A new survey has shown that over a third of people don’t feel completely comfortable being their authentic selves in the workplace.
Hay’s research, released as part of its annual Diversity, Equity and Inclusion report, found that 37% of people have felt they needed to hide aspects of who they are at work for fear of judgment by others.
The figures show that the main groups who feel afraid to be themselves are those who identify as LGBTQ+ (65%) and those living with a disability (62%).
As many as 51% say there have even been occasions where they felt their chances of getting a new job have been reduced due to certain characteristics, such as age or gender.
Dan Robertson, Global Head of DE&I Advisory Services at Hays, commented, “Feeling authentic is unique to every person, however despite a growing understanding of the importance of being authentic in every aspect of our lives – it’s clear that the workplace remains a space where not everyone feels able to be their true selves, especially for certain members of our communities.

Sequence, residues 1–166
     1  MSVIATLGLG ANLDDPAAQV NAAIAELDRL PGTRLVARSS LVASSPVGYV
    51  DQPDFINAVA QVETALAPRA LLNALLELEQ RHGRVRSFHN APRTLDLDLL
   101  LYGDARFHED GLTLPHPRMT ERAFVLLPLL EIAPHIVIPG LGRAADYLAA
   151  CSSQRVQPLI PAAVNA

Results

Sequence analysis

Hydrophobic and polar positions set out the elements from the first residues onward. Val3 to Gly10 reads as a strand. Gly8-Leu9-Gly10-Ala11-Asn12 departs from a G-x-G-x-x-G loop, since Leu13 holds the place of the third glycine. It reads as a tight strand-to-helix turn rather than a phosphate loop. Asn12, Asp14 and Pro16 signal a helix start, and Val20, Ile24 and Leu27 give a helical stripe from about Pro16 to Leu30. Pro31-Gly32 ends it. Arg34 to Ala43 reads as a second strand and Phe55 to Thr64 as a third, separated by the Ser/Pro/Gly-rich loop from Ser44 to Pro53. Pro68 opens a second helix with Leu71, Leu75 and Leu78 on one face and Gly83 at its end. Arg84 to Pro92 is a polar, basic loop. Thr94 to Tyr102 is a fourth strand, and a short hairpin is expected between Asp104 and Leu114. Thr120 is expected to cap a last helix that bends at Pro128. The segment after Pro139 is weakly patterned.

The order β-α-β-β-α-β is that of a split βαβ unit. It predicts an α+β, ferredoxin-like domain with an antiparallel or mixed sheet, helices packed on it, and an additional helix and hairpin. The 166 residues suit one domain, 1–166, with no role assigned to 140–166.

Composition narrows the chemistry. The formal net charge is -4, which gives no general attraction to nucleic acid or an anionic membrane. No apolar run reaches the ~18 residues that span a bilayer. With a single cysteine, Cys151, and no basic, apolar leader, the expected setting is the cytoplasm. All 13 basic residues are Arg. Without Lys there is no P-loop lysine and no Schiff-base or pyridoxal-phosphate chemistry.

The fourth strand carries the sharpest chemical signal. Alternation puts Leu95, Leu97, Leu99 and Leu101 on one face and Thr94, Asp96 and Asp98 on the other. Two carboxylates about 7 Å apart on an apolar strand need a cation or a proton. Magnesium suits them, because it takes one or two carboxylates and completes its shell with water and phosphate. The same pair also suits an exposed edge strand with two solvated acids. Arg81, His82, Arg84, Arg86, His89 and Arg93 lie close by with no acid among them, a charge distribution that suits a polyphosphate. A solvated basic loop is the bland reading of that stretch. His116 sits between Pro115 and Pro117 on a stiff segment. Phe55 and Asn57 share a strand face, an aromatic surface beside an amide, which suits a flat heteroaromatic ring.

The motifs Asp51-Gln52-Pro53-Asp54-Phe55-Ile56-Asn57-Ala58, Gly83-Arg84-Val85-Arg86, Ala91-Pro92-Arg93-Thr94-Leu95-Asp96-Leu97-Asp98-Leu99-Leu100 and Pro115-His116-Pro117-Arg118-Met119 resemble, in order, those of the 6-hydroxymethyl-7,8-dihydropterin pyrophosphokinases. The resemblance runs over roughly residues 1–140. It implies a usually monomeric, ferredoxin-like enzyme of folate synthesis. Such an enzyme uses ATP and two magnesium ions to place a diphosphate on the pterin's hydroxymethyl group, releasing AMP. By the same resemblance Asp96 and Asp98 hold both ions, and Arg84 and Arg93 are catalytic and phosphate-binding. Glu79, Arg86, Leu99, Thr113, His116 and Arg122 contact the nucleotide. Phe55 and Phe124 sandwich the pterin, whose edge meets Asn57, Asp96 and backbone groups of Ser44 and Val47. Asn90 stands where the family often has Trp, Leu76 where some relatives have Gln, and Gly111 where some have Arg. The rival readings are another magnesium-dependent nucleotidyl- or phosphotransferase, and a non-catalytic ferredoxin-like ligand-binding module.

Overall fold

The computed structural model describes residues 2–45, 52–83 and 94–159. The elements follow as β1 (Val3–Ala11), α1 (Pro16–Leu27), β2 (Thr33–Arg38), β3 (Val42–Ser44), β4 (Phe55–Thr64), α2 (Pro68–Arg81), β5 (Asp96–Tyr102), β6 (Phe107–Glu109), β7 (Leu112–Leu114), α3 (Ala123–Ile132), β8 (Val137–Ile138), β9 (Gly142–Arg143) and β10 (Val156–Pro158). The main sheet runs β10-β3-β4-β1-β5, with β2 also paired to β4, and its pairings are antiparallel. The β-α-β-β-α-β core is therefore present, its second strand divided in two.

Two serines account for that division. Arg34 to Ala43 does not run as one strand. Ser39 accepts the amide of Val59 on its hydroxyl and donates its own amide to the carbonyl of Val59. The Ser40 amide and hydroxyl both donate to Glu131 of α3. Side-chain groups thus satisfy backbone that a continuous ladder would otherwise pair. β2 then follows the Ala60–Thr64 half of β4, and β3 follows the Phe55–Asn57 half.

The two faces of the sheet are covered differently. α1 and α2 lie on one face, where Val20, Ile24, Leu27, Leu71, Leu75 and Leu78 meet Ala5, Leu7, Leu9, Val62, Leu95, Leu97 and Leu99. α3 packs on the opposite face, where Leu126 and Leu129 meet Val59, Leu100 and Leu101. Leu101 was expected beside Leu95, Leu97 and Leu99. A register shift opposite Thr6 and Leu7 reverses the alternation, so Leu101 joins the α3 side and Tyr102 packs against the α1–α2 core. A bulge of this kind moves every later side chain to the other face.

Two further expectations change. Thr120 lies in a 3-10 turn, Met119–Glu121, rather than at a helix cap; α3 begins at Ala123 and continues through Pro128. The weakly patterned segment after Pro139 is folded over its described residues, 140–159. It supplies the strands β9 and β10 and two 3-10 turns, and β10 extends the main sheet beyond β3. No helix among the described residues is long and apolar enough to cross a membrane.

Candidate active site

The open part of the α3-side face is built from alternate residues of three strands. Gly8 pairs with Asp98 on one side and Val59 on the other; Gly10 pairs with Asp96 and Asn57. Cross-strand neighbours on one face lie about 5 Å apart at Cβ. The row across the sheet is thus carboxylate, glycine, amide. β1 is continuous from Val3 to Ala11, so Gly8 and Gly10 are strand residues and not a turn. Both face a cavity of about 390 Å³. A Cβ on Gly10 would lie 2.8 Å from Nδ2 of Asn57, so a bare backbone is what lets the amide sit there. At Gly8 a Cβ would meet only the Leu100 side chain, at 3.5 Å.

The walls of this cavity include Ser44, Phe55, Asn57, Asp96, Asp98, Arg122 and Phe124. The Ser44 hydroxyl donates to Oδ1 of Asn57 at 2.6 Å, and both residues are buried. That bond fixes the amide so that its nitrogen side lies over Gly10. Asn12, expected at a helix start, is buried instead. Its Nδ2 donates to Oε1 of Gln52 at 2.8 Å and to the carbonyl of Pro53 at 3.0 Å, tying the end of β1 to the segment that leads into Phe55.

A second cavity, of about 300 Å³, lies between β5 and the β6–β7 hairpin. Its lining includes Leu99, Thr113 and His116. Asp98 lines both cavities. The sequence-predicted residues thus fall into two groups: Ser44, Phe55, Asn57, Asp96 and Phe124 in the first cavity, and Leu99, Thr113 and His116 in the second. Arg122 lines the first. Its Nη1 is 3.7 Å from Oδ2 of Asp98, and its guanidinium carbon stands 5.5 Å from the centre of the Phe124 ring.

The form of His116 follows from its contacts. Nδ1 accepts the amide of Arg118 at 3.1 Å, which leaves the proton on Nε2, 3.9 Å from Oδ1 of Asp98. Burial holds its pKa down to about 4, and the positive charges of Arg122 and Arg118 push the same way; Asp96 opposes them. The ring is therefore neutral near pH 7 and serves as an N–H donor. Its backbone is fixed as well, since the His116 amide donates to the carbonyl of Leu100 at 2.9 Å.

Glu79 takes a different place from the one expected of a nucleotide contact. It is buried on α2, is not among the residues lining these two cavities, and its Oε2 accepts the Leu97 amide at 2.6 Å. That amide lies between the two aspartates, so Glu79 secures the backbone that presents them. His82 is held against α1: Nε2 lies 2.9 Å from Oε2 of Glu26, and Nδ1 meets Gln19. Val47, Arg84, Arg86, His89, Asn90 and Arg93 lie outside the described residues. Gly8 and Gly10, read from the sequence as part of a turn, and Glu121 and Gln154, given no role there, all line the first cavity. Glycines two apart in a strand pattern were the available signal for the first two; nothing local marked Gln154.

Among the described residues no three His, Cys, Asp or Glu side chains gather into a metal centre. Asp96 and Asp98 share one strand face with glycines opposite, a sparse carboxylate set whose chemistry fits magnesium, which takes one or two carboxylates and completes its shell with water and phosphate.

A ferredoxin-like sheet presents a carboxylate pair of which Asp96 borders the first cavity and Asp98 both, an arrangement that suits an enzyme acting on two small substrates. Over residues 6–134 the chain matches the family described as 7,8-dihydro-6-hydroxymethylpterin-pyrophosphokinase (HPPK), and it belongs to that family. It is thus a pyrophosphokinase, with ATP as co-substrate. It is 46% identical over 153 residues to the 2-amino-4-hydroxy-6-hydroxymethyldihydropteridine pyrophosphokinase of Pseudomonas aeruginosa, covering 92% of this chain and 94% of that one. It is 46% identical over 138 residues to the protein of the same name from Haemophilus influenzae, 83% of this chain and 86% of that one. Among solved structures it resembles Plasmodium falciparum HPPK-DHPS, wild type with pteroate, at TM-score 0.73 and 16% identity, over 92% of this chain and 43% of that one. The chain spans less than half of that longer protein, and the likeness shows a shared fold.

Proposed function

“If staff don’t feel they can be their true selves it’s going to have a detrimental impact on their wellbeing, and ultimately retention and company culture.
“Additionally, there’s still clear inequalities that remain when it comes to accessing work and career progression.
“Employers need to ensure that they are continuing to make steps to remove bias from hiring, development opportunities and promotion so professionals from all backgrounds can feel they have equal opportunity. Employers should also focus their attention on building cultures that promote a sense of belonging and psychological safety for all.”
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